of these solutions are convenient, and the different variations are described below.
Bessel functions of the first kind, denoted as Jv(x), are solutions of Bessel's differential
equation that are finite at the origin (x = 0) for integer v, and diverge as x approaches zero
for negative non-integer v. The solution type (e.g., integer or non-integer) and normalization
of Jv(x) are defined by its properties below. It is possible to define the function by its Taylor
series expansion around x = 0:
Γ(z) is the gamma function, a generalization of the factorial function to non-integer values.
Adapted from: http://en.wikipedia.org/wiki/Bessel_function
4/9/2015
31
4.6.1 v ≠ integer
Shaped like oscillating sine or
cosine
functions
that
decay
proportionally to 1/√x.
Taken from: http://www.dplot.com/fct_besselj.htm
For non-integer v, the functions Jv(x) and J−v(x) are linearly independent, and are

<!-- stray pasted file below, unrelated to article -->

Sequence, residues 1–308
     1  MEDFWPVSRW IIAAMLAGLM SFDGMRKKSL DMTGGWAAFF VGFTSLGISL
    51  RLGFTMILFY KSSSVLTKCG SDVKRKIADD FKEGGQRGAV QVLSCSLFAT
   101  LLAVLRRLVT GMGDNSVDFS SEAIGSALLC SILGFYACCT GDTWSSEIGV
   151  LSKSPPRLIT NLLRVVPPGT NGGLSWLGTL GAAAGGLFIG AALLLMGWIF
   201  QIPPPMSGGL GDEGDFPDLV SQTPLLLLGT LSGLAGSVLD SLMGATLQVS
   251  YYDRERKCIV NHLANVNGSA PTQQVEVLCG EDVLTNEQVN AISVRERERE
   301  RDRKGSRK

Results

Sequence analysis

therefore the two solutions of the differential equation. That is y(x) = AJv(x)+BJ-v(x). On
the other hand, for integer order v=n, the following relationship is valid (note that the
Gamma function becomes infinite for negative integer arguments).
This means that the two solutions are no longer linearly independent. In this case, the
second linearly independent solution is then found to be the Bessel function of the second
kind, as discussed below.
Adapted from: Calculus:
A Physical & Intuitive
Approach - Morris Kline
4/9/2015
32
4.6.2 v = integer
Since for the case n = 1,2,… the two solutions are no longer linearly independent, therefore
we must use the Frobenius regular singular point solution theorem in order to find a
solution. For v = n = integer the indicial roots r ±n differ by an integer; y2(x) can be found
from y1(x) which results in what is know as the Weber’s Bessel function of the second kind,
or order n:
That is, for v = n = integer(x), the solution
of the Bessel equation will be given by: